Tip 2- create high quality content
The first 5 pins you pin should be your own content and you should try to pin every day to attract more viewers and followers. You can pin from your website, blog, instagram and you can repurpose old content that was popular in the past. You can create new content using canva.com or choosing beautiful high quality images. Content that does well on Pinterest is DIYs, how to articles and tips and tricks.
Tip 3- pin to reflect your targetaudience
If you are an artist you should definitely have a board dedicated to your own artwork. You should also be thinking of what your ideal customer might be interested in and create boards to reflect that. For example does your ideal client have kids? Do they like home decor or cooking? You need to delete or hide pins that are irrelevant and delete pins where the link is broken. Keep your personal pins private as secret boards.
You can see my Pinterest profile here! to get more ideas! Follow me on Pinterest to see more helpful resources.
This quarantine for many, myself included has been difficult. It’s hard to lose income and not being able to see loved ones.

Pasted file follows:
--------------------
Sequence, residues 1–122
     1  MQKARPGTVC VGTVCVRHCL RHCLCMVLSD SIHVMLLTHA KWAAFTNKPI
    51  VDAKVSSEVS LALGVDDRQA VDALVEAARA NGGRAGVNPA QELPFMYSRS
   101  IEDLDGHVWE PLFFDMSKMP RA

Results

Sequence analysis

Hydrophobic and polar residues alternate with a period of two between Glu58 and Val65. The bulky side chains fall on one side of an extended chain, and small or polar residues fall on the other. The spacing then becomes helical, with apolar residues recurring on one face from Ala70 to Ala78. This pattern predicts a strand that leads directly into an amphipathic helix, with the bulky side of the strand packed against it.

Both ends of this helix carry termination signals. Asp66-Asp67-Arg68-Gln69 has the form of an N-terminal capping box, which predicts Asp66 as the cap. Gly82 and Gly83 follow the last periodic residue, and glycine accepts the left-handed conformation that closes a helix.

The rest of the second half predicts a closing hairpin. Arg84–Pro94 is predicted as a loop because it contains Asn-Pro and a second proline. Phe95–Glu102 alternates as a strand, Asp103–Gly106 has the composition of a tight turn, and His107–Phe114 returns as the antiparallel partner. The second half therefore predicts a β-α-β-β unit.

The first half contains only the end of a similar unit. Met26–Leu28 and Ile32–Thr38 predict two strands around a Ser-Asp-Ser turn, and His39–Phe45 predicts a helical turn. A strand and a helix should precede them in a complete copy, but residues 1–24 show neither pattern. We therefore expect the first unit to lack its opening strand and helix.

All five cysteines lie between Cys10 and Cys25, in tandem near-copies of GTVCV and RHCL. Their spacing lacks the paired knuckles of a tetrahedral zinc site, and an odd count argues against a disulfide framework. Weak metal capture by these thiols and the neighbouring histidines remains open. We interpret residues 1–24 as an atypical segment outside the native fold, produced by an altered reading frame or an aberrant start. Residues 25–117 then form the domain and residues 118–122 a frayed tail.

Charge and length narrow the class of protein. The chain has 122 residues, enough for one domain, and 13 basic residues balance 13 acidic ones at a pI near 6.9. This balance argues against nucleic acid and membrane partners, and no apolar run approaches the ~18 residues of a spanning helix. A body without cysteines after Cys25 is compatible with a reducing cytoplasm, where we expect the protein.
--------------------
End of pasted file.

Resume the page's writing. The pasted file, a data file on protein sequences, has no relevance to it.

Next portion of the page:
It’s so easy to realize all the things you took for granted before.
As an artist, this has been a good chance for me to reconnect with my creativity. I have been busy lately planning an online art class that I am currently teaching for a private school. I have used my spare time to take on creative projects which has helped me to take care of my mental health.
Here are some fun ways to get back to a creative process that might have been previously on hold:
Get involved in a creative challenge or start your own— searching on Pinterest for creative art challenges is a good way to get inspiration. You can start your own based on your art practice. For example, if you are a quilter you could plan on making a certain number of quilts in a timeframe or if you’re a painter- plan on painting a small 8″x10″ painting everyday. Challenges work as fun goals to complete but they also act as a piece of accountability. Creative challenges can also be a good way to create social media content by updating your audience on what you are working on. As a creative it can be good to work on a series and challenges can help you to develop your own artistic style.